It’s not quite clear why The Powerpuff Girls: Dance Pantsed exists, as the Powerpuff Girls could be Powerpuff Teens by now. Yet, Cartoon Network went to great lengths reassembling a good portion of the crew that made The Powerpuff Girls possible for previous specials—though, notably, creator Craig McCracken and writer Lauren Faust (My Little Pony: Friendship Is Magic) aren’t attached to Dance Pantsed. That could be a harbinger of doom—nothing sets off warning bells quite like a network resurrecting a media property that the creator doesn’t want anymore—and certainly, Dance Pantsed looks very different from McCracken’s original creation.
But The Powerpuff Girls: Dance Pantsed is a delight. Once the novelty of the computer-generated animation wears off, it feels like classic Powerpuff Girls. The new special manages to hit the sweet spot between broad gags for kids and sly winks to the adults in the audience. Regular-run episodes of classic Powerpuff Girls often packed two 15-minute stories into the show’s allotted half-hour, to accommodate kids’ shorter attention spans. Dance Pantsed rarely lags, even though the same story runs the full half-hour. Instead, it’s stuffed with story. There are so many intertwining plotlines that the special requires at least one good rewatch to catch them all, from the pickle jar running gag to the multiple references to the Fibonacci sequence.
The story is what it always is—Mojo Jojo has a sinister (if harebrained) plan for Townsville and the Powerpuff Girls are called upon to stop him. Except that this time Mojo Jojo’s plan preys upon Bubbles’ weakness for video game, Dance Pants Revolution. The plot makes sense, as Bubbles always was the cornerstone of the show’s appeal, even though it seems like she was designed to be a more peripheral Powerpuff Girl. Her sweetness almost always trumps force, and, voiced by Tara Strong, she steals the show. Dance Pantsed pre-empts this by putting Bubbles at the center of the story. There’s a full five minutes or so where Bubbles is the only Powerpuff Girl on-screen, and those are the five minutes in which Dance Pantsed finds its rhythm, moving from good to great. Bubbles’ stuffed octopus Octi makes an appearance, as does “Dance Pants R-EVIL-ution 2.” To say anymore is to spoil a few priceless jokes. It’s too bad the other two girls get short shrift—especially Buttercup—but as the show’s trying to hit its best notes, it’s also not surprising.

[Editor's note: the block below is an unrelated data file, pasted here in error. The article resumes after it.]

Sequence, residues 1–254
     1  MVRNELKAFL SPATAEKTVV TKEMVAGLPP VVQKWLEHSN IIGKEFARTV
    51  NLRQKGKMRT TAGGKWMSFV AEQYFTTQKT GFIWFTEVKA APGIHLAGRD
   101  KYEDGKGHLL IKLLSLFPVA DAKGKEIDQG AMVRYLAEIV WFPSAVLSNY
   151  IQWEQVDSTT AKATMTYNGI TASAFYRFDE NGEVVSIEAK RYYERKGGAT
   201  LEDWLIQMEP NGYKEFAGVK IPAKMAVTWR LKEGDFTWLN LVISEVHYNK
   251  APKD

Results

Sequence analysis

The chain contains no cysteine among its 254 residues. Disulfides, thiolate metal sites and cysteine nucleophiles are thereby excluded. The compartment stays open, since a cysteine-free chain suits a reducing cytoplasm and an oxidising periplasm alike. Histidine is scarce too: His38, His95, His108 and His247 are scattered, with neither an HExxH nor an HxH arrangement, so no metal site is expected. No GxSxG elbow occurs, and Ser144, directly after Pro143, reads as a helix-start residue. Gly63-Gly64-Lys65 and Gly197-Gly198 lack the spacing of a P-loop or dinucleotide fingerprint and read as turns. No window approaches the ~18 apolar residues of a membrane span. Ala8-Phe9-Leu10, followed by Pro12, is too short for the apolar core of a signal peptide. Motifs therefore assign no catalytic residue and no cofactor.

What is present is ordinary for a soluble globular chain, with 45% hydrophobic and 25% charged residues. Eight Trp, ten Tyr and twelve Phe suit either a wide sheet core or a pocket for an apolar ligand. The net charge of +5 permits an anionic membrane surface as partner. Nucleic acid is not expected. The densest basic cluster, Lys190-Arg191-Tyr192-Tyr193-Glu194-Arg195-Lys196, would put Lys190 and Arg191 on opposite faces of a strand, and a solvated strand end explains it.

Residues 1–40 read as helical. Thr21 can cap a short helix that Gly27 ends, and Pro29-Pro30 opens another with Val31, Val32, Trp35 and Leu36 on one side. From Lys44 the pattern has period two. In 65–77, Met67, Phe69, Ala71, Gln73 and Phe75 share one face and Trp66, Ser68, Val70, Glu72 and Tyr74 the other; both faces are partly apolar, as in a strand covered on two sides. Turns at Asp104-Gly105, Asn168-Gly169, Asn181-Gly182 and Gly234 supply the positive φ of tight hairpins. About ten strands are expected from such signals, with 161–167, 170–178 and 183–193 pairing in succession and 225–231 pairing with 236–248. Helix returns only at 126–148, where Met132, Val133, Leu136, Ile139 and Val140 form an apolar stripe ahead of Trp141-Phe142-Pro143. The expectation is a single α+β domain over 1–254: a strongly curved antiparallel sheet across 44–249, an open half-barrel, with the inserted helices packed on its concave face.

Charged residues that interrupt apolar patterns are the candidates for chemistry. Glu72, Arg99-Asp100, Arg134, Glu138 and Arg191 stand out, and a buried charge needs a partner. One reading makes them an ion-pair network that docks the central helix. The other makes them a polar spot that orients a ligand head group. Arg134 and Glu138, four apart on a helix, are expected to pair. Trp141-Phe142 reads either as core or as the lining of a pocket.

The visuals are the biggest departure—much effort is put into rendering the original backgrounds and characters into their new and improved CGI skins, but Dance Pantsed is also going for a different feel. The result is inspired a little by the jagged haircuts and action sequences of anime and a little by the cutout animation that distinguishes South Park. And while some computer animation can fall into the uncanny valley, the animation in Dance Pantsed serves mostly to update what is now a rather dated style. CGI lets the animators do a lot more with scenery and lighting—it’s much easier to give surfaces texture, and the range of colors available is much broader. The colors are brighter in the old version, but it’s often to compensate for a lack of options. After about 10 minutes, it’s difficult to remember exactly what the old Powerpuff Girls looked like.
What immediately grounds Dance Pantsed in the canon of The Powerpuff Girls is the snarky-sweet tone. Hearts pop up out of nowhere when Buttercup mentions corgis, but a barreling fist from Bubbles delivers a splashy “SERVED” to her victim. Real tears glimmer in the girls’ eyes when they are wronged, but they’re not above throwing a manipulative tantrum at the drop of a hat.
And the pop culture references haven’t disappeared either. Professor Utonium looks back fondly on his time dancing with the “Soul Hayride”—soul and hoedowns, on the same moving wagon! Townsville’s famous, flamboyant mathematician is named Fibonacci Sequins, and he tends to his garden of square roots with care. (Ringo Starr, who produced a single for the show—“I Wish I Was A Powerpuff Girl”—as a preview for the special episode, is his voice.)
But was there any doubt that a visitation from the Powerpuff Girls would be anything except sugar, spice, and everything nice? It’s so rare to see a new episode of The Powerpuff Girls that it’s hard to be nitpicky. Perhaps, the show could stand to move past its well-worn stable of characters—or to make its plots a little more serialized. And hey, where did that robotic, creepy theme song go?
So far, this special CGI Powerpuff Girls is just a one-off. It might be that Cartoon Network wanted to float the idea of rebooting The Powerpuff Girls for a new generation. It might also be that this is a nostalgia project, to bring together the girls one last time… until the next reunion. Either way, it’s a cruel reminder that there just isn’t enough Powerpuff in our world these days.
Created by: Craig McCracken
Directed by: David Smith
Starring: Elizabeth Daily, Tara Strong, Tom Kenny, Tom Kane, Cathy Cavadini, and Ringo Starr
Airs: Tonight at 7:30 p.m. Eastern on Cartoon Network